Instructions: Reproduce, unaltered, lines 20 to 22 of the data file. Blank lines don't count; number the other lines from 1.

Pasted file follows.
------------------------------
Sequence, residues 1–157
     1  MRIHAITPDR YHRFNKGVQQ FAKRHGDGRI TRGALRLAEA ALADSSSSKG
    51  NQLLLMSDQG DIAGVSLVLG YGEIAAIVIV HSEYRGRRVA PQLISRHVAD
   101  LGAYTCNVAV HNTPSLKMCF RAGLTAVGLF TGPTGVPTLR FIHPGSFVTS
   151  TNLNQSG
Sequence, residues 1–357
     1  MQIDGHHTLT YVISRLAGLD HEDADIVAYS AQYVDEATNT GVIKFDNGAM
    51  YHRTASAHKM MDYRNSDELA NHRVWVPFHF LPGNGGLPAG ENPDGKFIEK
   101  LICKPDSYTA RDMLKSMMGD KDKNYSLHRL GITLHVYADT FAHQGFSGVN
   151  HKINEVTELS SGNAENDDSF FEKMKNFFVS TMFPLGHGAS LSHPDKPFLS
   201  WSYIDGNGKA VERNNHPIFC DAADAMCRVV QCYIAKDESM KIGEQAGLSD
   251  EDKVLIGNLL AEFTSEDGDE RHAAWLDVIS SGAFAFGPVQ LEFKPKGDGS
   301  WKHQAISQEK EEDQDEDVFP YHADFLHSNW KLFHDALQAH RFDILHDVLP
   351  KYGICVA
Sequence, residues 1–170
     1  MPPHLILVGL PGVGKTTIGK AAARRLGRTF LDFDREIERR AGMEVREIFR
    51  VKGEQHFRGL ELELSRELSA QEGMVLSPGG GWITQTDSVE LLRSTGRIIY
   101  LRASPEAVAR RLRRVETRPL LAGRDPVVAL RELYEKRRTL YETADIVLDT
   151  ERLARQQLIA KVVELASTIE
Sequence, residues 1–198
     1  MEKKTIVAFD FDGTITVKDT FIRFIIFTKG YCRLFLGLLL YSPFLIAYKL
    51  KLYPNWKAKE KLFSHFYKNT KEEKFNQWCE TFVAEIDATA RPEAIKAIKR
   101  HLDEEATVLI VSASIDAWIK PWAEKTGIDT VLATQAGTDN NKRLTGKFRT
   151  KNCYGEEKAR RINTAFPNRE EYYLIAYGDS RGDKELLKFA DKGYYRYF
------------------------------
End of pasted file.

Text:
Sequence, residues 1–198
     1  MEKKTIVAFD FDGTITVKDT FIRFIIFTKG YCRLFLGLLL YSPFLIAYKL
    51  KLYPNWKAKE KLFSHFYKNT KEEKFNQWCE TFVAEIDATA RPEAIKAIKR